Moss Control in Beds


Posted by Horticulture Guy - Peter Punzi | Posted in Northwest U.S. Gardeners | Posted on 15-11-2007

Q. This year I had lots of moss in my flower garden. Although I have had
patches of moss on other places before, I don’t remember much in my
garden areas. It’s gone now, having had my bed cleaned up for the
winter, but how do I keep it from coming back or killing it if it
does, without hurting my flowers? Sure miss your column in the Tacoma News Tribune.
The new format is not nearly as relevant. Betty Garrison – Tacoma, WA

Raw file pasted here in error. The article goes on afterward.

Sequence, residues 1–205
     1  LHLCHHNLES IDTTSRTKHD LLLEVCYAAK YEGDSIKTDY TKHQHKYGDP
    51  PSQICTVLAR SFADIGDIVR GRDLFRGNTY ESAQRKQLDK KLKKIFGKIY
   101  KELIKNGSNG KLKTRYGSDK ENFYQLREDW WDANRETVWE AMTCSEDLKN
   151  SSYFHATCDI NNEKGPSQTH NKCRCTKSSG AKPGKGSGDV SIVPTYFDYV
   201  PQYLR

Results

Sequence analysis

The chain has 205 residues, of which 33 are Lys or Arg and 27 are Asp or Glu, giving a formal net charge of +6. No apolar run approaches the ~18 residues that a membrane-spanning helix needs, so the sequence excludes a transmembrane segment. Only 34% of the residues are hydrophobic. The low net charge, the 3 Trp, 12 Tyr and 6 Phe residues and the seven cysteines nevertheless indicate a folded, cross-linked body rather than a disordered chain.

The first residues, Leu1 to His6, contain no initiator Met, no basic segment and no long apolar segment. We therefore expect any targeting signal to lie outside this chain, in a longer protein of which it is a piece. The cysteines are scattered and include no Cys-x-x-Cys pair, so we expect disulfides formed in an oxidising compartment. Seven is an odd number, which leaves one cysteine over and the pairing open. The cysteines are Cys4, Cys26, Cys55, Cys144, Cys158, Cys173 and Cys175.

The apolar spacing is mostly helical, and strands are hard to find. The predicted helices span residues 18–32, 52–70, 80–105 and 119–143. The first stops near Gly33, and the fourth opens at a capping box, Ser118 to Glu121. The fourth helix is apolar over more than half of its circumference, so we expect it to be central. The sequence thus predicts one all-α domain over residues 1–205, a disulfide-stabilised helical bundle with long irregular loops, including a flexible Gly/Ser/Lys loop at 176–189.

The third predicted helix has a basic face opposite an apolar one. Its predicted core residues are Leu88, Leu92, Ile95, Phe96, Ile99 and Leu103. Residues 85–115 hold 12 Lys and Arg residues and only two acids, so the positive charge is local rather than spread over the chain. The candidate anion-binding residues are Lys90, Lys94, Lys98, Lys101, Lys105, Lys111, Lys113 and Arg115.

A. The best way to get rid of moss is to do the opposite of if you wanted it to grow. It prefers a firm acidic substrate (it doesn’t have roots but does have root like structures that help keep it in place) plenty of moisture as well as indirect sunlight (thus why it loves the north side of roofs better than southern side). So if you have poor drainage improve it by adding organic matter to the soil and working it in. cultivate the surface of the soil each month (this also helps control weeds) with a hoe or similar cultivating tool. Check the pH of the soil. Unless you are growing acid loving plants like rhodies and azaleas add lime to bring the pH up just below neutral (6.8 -6.9). And if possible prune the exising plants to allow more light to the soil surface. You can also help the process by using a natural moss control product like Moss and Algae Killer. – HG